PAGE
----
Since the laws that govern estate taxes are constantly changing, it’s hard to provide a concrete explanation of when a state tax return should be filed. Filing an estate tax return is confusing enough as it is, and the inconsistency of estate tax laws only worsens the headache. With the following information, we hope to educate you on when and how to file an estate tax return.
What Are Estate Taxes?
The term “estate tax” refers to the taxation of a deceased person’s property and money before it is inherited by their heirs. When an estate meets the requirements necessary for taxation, the tax will be levied on the total value of the estate before it is distributed to the beneficiaries of the deceased.
Federal and State Estate Taxes: Who Has to Pay Up?
Most people don’t have to pay a federal estate tax at all. As of 2015, an estate must be worth $5.43 million per person (or $10.86 million per married couple) in order for the tax to be levied. Overall, only about 2 in 1,000 estates will actually have to pay the federal tax.
However, in 2015, nineteen states and the District of Columbia levy estate taxes at the state level. This means that, even if an estate is exempt from the federal estate tax, it may still owe a tax to the state. For example, in New York in 2015, estates worth more than $3,125,000 are hit with a state estate tax, even if they’re below the federal threshold. Neglecting to file an estate tax return when necessary is a great way to trigger an IRS audit, so it’s important to be educated on the subject.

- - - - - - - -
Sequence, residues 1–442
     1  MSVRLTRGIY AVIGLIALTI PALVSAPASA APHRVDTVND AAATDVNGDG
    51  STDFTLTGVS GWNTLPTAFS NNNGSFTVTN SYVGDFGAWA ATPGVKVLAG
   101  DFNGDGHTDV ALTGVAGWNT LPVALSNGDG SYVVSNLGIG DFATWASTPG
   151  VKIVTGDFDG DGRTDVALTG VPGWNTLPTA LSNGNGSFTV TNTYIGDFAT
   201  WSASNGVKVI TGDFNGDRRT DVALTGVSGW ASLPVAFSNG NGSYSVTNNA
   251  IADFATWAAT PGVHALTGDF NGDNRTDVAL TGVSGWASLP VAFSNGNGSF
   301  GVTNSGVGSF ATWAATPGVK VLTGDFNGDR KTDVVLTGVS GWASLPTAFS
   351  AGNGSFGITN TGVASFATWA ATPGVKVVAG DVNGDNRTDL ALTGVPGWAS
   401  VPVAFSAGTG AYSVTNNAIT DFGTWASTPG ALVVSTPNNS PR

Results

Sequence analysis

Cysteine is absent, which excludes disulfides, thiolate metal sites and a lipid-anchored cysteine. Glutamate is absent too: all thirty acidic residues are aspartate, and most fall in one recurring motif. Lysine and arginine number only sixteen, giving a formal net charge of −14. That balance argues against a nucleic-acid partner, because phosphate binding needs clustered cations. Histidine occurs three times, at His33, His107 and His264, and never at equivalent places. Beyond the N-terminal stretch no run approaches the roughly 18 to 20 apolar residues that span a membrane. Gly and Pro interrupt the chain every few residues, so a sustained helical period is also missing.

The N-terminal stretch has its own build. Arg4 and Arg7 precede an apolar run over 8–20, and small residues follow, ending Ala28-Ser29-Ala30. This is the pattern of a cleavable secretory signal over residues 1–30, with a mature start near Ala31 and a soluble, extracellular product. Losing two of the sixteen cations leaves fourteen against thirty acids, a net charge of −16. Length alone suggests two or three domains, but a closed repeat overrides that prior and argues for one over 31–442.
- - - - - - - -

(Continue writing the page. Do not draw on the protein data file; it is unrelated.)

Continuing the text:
Be aware, though—the thresholds for federal and state estate taxes often change from year to year. Make sure you’re up to date on the thresholds before you file an estate tax return. The changing numbers are what makes estate taxes so confusing.
Filing an Estate Tax Return
If it’s determined that an estate is to be taxed, an estate tax return must be filed. In order to file an estate tax return, the executor of the deceased’s estate must fill out Form 706. In general, the estate tax return is due nine months after the date of death. However, a six month extension can be granted as long as the estimated amount of tax is paid before that date.
Estate Income Taxes
Another part taxation on the estate of someone who is deceased is the estate income tax. The estate income tax, Form 1041, must be completed if the estate’s assets generate more than $600 in annual gross income. Assets that generate income include savings accounts, CDs, stock, bonds, mutual funds and rental properties.
Filling out Form 706 and Form 1041 to properly to ensure you’ve completed every aspect of filing an estate tax return is no easy task. Though the IRS provides some useful resources to help you do so, it is still recommended that you sit down with a tax professional to guarantee that mistakes are eliminated. If you have further questions about estate planning and taxes, please call DeFreitas & Minsky Certified Public Accountants at 516.746.6322.